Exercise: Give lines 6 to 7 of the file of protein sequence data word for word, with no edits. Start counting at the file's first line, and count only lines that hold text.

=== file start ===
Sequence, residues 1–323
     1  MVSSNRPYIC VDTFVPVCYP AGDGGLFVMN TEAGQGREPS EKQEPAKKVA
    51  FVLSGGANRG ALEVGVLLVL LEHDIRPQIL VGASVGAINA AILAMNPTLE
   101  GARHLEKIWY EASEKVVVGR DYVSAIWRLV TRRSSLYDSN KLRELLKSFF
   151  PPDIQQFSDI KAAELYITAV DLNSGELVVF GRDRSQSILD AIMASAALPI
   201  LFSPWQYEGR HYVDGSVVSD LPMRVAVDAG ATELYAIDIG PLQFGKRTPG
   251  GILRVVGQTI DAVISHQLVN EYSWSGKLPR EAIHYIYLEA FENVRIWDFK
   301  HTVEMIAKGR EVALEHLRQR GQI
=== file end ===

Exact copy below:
   201  LFSPWQYEGR HYVDGSVVSD LPMRVAVDAG ATELYAIDIG PLQFGKRTPG
   251  GILRVVGQTI DAVISHQLVN EYSWSGKLPR EAIHYIYLEA FENVRIWDFK